Buyers don’t just buy products; they buy the experience products give them. The best way to create this experience is by giving them content they can’t resist. But first, let’s get acquainted with the B2B buyer journey (because it’s a bit more complicated than you might think). This journey isn’t linear. The way you introduce a product directly impacts how a user connects your solution to their problems.
Everyone at an organization should own growth, right? Turns out when everyone owns something, no one does. As a result, growth teams can cause an enormous amount of friction in an organization when introduced. I’m not here to sell you on why you need a growth team, but I will point out that product-led businesses with a growth team see dramatic results—double the median free-to-paid conversion rate.
Product-led is cool, and we have a desire to move away from sleazy sales tactics, don’t we? But it’s a false dichotomy: good salespeople don’t use unscrupulous methods to manipulate someone into buying something they don’t need. Contrary to popular belief, being product-led doesn’t automatically mean you’re anti-sales.
Ramli saleshacker onboarding@
Growing traffic into conversions is the ultimate goal for all of us, but is your site stagnating despite all your best efforts? If you’re looking for strategies to push your conversions to new heights – it takes more than simply pushing products out on Google, you need to tap into building a growth focused sales funnel. So what exactly does that entail?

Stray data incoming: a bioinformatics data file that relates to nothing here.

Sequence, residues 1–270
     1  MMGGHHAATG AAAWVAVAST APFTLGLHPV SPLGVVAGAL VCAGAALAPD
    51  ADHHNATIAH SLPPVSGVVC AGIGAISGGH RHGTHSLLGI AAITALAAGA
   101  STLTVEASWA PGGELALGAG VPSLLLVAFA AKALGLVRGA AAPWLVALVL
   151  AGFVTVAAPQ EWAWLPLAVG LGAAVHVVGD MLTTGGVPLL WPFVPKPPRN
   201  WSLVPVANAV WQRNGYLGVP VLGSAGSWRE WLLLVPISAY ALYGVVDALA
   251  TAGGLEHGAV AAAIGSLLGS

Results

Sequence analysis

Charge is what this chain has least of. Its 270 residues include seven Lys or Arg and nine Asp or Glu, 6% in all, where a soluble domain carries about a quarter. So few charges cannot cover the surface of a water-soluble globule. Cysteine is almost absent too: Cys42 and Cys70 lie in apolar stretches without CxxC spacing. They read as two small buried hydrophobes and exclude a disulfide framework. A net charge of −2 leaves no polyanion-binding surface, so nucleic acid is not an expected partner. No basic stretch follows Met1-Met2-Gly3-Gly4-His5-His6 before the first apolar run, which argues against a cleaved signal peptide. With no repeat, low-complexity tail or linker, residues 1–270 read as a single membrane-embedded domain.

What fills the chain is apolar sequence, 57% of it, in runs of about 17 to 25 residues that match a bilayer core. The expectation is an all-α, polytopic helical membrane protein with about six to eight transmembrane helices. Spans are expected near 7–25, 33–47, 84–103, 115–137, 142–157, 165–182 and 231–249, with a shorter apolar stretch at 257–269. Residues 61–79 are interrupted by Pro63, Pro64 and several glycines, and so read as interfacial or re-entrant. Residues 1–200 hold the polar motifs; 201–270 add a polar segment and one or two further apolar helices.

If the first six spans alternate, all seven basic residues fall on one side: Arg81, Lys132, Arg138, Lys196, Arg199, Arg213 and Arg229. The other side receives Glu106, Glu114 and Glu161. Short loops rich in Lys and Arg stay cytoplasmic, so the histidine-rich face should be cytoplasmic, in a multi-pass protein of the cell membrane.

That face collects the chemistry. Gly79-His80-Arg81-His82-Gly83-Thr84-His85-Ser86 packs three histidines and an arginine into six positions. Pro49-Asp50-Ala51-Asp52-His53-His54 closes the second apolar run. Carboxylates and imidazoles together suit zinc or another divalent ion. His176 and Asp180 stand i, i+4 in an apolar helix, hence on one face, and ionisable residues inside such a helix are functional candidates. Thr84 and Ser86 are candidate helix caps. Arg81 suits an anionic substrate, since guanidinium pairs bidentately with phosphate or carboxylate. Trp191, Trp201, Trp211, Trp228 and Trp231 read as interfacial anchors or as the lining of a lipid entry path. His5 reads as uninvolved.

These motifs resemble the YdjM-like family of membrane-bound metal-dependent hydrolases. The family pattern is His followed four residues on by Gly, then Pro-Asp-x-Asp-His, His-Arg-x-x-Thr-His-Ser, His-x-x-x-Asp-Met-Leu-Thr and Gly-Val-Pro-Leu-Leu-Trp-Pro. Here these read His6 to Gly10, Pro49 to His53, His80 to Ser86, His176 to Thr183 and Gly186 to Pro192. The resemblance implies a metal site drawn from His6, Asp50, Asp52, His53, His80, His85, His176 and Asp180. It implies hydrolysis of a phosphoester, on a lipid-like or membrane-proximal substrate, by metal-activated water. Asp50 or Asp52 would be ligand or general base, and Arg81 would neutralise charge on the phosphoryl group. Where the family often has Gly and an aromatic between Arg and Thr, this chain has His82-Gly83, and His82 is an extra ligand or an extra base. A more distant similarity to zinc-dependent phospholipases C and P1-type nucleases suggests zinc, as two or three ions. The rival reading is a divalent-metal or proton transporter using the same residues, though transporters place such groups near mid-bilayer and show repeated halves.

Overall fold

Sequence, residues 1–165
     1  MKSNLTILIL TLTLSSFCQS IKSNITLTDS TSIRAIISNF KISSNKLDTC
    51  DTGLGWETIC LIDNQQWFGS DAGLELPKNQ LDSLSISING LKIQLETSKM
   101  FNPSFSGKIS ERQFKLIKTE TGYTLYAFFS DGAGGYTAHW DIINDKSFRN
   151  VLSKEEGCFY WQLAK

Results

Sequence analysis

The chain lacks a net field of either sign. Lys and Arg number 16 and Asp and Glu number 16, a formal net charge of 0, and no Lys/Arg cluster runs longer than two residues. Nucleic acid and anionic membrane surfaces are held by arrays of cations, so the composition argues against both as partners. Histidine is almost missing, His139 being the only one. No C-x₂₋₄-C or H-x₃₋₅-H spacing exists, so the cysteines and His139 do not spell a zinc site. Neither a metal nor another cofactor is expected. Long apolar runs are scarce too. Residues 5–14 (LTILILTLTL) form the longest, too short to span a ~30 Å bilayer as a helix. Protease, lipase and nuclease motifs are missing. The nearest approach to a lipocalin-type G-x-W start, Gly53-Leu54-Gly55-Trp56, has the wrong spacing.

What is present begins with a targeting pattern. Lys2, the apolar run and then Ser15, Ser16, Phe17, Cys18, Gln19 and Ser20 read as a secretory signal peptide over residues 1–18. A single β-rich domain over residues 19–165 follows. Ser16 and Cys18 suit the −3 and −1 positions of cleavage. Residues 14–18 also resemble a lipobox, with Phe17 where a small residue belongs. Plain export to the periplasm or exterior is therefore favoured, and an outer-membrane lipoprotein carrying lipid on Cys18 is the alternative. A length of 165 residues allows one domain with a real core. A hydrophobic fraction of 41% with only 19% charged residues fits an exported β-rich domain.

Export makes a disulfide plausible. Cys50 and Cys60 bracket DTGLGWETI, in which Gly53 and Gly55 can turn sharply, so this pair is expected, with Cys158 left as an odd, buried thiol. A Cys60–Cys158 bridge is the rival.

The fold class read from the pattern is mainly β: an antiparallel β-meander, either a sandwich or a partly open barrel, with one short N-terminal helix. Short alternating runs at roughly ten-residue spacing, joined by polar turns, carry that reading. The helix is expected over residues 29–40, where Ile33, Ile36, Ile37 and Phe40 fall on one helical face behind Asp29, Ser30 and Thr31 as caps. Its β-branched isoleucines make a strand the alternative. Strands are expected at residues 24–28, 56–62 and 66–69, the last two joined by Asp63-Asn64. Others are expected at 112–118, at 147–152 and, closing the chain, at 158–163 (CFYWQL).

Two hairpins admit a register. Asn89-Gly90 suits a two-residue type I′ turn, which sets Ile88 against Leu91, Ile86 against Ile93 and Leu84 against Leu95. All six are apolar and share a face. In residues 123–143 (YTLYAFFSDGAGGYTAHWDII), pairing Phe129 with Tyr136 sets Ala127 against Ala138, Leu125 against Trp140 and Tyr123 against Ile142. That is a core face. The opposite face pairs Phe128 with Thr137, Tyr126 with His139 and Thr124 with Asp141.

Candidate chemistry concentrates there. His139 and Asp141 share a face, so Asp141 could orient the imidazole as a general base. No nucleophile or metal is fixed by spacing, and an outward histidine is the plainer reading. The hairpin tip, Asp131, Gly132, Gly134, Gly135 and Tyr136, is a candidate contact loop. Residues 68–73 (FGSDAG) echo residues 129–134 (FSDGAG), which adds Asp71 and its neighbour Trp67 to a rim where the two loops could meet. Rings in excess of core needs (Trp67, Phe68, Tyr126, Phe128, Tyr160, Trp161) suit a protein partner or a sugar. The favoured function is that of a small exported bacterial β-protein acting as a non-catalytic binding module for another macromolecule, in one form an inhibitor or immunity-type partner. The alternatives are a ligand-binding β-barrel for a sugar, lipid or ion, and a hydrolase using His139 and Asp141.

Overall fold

Haley baremetrics growth@
No doubt that conditions were ripe for WhatsApp to explode. The sheer size of the existing base of Internet-connected phones has made WhatsApp’s growth possible. Without question the most significant contributor to WhatsApp’s impressive growth curve is the fact that the app is an exponentially more affordable alternative to SMS and MMS messaging. It’s noteworthy that many of the most restrictive messaging plans and the oldest, cheapest phone models are most prevalent in the developing markets where WhatsApp has taken off.
Too often in startups, Founders track products and their impact by the numbers. But building engaging products is about focusing on how your users think and feel, which can be orders of magnitude more difficult to measure. As we’ve seen time and again, behind every great product is an insight about human psychology. Does your product motivate and reward people to keep coming back?
When you examine the ideas that are percolating now for social apps, you see a clear pattern. The past generation of social apps won the market through a playbook: building big networks with feeds for discovery, creating a followers/status competition for engagement, bringing together creators and audiences, monetizing with ads, supporting photo, text, video. The next generation of social is necessarily a reactionary movement.
Software didn’t just eat the world; it spewed out a new one. The internet enabled us to build an intangible global economy, and software is both the mechanism, and much of the output. We’ve touched on it being cheaper and easier to build software companies. Understanding this in combination with funding requires us to think about what can be built at this stage of the market. The answer is narrow, vertical businesses designed to solve single, specific problems.